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Olanzapine: neutropenia, convulsions and NMS

Olanzapine (Zyprexa) is an antipsychotic agent which has been marketed in Australia since mid 1997. Since that time, ADRAC has received 327 reports of suspected adverse reactions with the drug. The product information for olanzapine indicates that the two most frequent adverse reactions in clinical trials were somnolence and weight gain which both occurred in more than 10% of patients. Reports to ADRAC show a similar trend with weight gain (29 reports) and somnolence (25) as the two most commonly reported reactions. More seriously, however, ADRAC has received reports of white cell disorders, convulsions and neuroleptic malignant syndrome.

White cell disorders are a known effect of the related drug, clozapine, and ADRAC has received 18 reports of neutropenia in association with olanzapine. There have been no reports of agranulocytosis. Ages of the patients ranged from 23 to 67 (median: 45) years and daily doses of olanzapine ranged from 5 - 30 (median: 10) mg in the 16 patients for whom this information was available. At the time of reporting, 5 patients had recovered, 5 had not, and the outcome was unknown for the other 8. Laboratory results were available for 14 patients. These showed nadir neutrophil counts ranging from 0.8 to 1.9 (median: 1.4) cells x 109/L (reference range: 2.0 - 7.5 cells x 109/L).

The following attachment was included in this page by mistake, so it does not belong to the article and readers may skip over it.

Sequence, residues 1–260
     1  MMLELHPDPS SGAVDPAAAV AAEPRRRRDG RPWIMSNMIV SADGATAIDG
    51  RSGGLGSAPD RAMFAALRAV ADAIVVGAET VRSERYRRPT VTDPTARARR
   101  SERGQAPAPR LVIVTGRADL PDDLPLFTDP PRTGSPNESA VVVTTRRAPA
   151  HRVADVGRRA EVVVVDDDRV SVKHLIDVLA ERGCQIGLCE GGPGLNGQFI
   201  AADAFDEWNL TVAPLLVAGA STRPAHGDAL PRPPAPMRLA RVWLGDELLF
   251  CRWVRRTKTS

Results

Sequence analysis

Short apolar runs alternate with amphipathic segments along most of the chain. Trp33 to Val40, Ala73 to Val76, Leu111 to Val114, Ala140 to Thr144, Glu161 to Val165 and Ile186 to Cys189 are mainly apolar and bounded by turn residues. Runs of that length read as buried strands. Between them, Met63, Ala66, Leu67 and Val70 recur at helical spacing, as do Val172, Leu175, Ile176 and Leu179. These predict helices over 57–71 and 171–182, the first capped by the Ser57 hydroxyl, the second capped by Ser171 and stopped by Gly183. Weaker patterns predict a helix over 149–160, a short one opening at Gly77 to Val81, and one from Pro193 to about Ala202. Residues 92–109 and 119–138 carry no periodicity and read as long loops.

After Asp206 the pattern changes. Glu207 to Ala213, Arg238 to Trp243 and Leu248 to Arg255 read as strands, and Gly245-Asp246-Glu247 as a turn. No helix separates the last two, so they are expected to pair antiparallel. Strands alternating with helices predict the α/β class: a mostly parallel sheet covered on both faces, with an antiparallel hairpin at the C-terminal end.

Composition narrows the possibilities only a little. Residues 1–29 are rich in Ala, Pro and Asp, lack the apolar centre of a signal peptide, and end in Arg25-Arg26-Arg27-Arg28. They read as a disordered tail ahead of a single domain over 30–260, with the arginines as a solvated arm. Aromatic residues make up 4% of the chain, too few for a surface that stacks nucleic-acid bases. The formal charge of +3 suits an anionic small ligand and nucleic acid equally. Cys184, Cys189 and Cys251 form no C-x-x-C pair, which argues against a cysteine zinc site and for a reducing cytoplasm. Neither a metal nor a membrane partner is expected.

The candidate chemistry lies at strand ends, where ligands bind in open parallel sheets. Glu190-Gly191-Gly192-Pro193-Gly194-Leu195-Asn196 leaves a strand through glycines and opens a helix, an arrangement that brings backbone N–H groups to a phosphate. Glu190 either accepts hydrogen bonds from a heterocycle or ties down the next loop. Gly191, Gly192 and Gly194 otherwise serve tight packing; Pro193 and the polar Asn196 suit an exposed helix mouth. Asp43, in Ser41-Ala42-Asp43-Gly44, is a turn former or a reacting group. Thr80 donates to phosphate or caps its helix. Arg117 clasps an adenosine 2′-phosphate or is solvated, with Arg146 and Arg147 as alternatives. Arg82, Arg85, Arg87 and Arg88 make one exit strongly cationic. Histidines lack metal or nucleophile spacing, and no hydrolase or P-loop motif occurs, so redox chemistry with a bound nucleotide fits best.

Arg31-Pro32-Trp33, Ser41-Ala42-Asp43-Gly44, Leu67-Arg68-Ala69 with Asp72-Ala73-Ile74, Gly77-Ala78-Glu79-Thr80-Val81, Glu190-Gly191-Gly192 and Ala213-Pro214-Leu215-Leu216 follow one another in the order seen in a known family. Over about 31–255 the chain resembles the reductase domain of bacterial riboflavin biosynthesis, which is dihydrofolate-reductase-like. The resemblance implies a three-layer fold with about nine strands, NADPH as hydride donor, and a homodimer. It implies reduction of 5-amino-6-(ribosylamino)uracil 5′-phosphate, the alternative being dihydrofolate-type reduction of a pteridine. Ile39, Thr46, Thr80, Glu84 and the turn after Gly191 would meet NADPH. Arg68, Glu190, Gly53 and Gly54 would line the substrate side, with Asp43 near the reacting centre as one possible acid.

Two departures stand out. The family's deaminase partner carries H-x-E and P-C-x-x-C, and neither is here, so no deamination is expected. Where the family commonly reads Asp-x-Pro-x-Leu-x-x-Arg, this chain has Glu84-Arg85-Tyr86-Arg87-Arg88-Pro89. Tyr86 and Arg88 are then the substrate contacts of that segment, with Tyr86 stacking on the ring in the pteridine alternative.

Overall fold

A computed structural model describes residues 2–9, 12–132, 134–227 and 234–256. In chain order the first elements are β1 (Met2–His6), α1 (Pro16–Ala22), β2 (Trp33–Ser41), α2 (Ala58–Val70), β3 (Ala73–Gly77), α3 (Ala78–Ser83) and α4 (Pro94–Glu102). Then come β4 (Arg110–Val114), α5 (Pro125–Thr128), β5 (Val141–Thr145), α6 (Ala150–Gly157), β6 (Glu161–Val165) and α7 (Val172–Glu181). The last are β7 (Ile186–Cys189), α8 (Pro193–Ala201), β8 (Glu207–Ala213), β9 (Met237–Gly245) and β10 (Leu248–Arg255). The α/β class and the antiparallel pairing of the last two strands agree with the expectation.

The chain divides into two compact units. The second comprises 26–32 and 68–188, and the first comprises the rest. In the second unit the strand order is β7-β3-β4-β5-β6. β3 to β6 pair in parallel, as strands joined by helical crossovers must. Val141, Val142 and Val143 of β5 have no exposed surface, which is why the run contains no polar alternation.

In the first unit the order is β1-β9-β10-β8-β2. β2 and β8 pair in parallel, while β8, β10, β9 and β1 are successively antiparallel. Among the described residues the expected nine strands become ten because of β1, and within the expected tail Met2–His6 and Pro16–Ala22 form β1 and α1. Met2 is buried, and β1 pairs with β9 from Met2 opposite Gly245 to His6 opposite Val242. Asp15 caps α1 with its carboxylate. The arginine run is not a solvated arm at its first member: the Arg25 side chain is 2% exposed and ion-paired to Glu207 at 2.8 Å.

There have been 15 cases of convulsions reported in slightly older patients ranging from 14 to 83 (median: 53) years. Olanzapine was taken in daily doses ranging from 2.5 to 15 (median: 10) mg and it was the only drug suspected in 12 cases. The reaction was variously described as myoclonus (3 reports), epileptic seizures (3), tonic-clonic seizures (2), seizure (2), clonus (2), night seizures, grand mal or a petit mal convulsion. Ten of the patients had pre-disposing factors such as a past history of head trauma, epilepsy or renal impairment.

Also of interest are the 7 reports of neuroleptic malignant syndrome (NMS). These involved 4 males and 2 females (one not stated) ranging in age from 23 to 83 (median: 65) years. Doses ranged from 5 mg to 20 mg and the onset varied from 2 days to 2 months after the drug was started. Two of the patients had a past history of NMS with other drugs. Six of the 7 patients recovered including one who developed the syndrome on rechallenge with olanzapine.

Prescribers should be aware that white cell disorders, seizures and NMS can all occur in association with olanzapine.